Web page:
I am a writer.
A word girl.
A lover of language.
Since I can remember, math has not been my thing. In fact, at many times during my school years, it was really not my thing.
This was especially true one spring day in 1980.
In 1980 I was nine years old. It was the year my parents got divorced. My dad moved out, leaving blank walls where his favorite art pieces had been, blank stares from my friends when I told them my parents had separated and a blank canvas where we’d eventually rebuild our family.
My third grade teacher, Mrs. Weaver, was a wonderful woman…loving, accepting and a divorced mother who understood what my family was going through. Among other things, Mrs. Weaver was helping our class learn multiplication. (Remember, it was 1980, so we were learning the old school way: route memorization of facts.)
Amidst the chaos of my parents divorce, learning, grasping and memorizing multiplication facts was not going well for this word girl. I was never so happy as the day I found the multiplication table on the back flap of my Pee Chee folder.
But, Mrs. Weaver didn’t stress over my multiplication mishaps. So I wasn’t stressing, either, until Ms. Staub — a fifth grade teacher from down the hall — made my math skills an issue.
Mrs. Weaver excused our class to leave for recess. We were in a rush that only third graders can understand. We had to get outside. Now. Or we might just die.
As I reached the door to our classroom, Ms. Staub stood in the doorway.
“Miss Larson,” she said to me, “What’s 9 x 8?”
I stared at her. Couldn’t she have picked something from the 2s?
Her frame blocked the doorway. Her hands were on her hips. She wasn’t moving until I gave her an answer.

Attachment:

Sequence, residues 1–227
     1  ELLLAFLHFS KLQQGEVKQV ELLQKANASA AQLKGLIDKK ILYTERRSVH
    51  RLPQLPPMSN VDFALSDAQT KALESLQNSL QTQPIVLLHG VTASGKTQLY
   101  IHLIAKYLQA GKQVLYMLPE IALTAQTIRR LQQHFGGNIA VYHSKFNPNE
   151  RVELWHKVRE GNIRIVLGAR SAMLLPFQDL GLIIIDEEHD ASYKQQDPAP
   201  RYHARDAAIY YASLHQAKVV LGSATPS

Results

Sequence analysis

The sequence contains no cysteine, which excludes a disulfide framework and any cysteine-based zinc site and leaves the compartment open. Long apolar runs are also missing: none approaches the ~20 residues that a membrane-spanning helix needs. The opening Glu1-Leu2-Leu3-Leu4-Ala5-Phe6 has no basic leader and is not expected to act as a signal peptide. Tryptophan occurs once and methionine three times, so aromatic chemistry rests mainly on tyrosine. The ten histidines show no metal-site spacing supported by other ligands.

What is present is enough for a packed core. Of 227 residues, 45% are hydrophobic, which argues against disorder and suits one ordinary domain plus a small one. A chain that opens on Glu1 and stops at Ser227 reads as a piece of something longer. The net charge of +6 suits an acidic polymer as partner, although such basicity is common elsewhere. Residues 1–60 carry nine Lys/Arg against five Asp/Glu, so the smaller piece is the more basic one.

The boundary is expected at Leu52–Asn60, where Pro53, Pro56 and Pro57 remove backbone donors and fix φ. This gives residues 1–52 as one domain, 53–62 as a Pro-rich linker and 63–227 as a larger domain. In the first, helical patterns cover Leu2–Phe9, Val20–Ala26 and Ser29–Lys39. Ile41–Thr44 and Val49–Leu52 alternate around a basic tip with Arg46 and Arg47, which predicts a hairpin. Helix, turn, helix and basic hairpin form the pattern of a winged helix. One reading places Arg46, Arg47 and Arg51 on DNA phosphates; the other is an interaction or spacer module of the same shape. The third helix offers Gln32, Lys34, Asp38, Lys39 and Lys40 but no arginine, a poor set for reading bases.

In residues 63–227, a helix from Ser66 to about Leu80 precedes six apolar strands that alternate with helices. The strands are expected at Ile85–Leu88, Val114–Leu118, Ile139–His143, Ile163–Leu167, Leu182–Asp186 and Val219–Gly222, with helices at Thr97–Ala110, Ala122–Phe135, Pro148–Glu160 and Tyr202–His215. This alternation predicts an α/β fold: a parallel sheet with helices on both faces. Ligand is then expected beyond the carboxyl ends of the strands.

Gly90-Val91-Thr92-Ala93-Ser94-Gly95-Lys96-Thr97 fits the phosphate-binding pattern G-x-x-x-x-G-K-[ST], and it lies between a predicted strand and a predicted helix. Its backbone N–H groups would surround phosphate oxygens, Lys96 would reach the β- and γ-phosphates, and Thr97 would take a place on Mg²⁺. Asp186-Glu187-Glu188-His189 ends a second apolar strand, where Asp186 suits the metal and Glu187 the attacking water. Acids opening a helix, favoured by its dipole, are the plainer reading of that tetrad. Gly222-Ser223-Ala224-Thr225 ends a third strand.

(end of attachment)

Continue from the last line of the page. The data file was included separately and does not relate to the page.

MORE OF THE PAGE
She shook her head. (She may have sneered, but that could just be my interpretation.)
I started moving my fingers against my jeans as if I were playing the piano…1,2,3,4,5,6,7,8,9…
“Are you using your fingers?”
“No,” I lied.
Kids were lining up behind me, anxious to get outside. It felt like the entire class was pushing against my back. A tsunami ready to wash over me at any minute.
“81? 77? 70?” I started to whisper random numbers. Over and over she shook her head.
Somehow, I landed on the right one.
“Yes. You may go outside…”
I won’t go into how, from a teaching standpoint, this scenario is so very wrong. I’m grateful to this day that my mother called the school to report the incident. That was my first lesson in speaking up when you’ve been treated unfairly.
So yesterday…33 years later…while I was volunteering at the elementary school and my son’s teacher asked me to help a few kids with their math, I thought: Oh, crap.
Me, help with math? I started to breathe again when she told me I’d have an answer key.
Next post I’ll share what this writer, this word girl and this lover of words learned about herself while helping some 9-year-old boys with their math.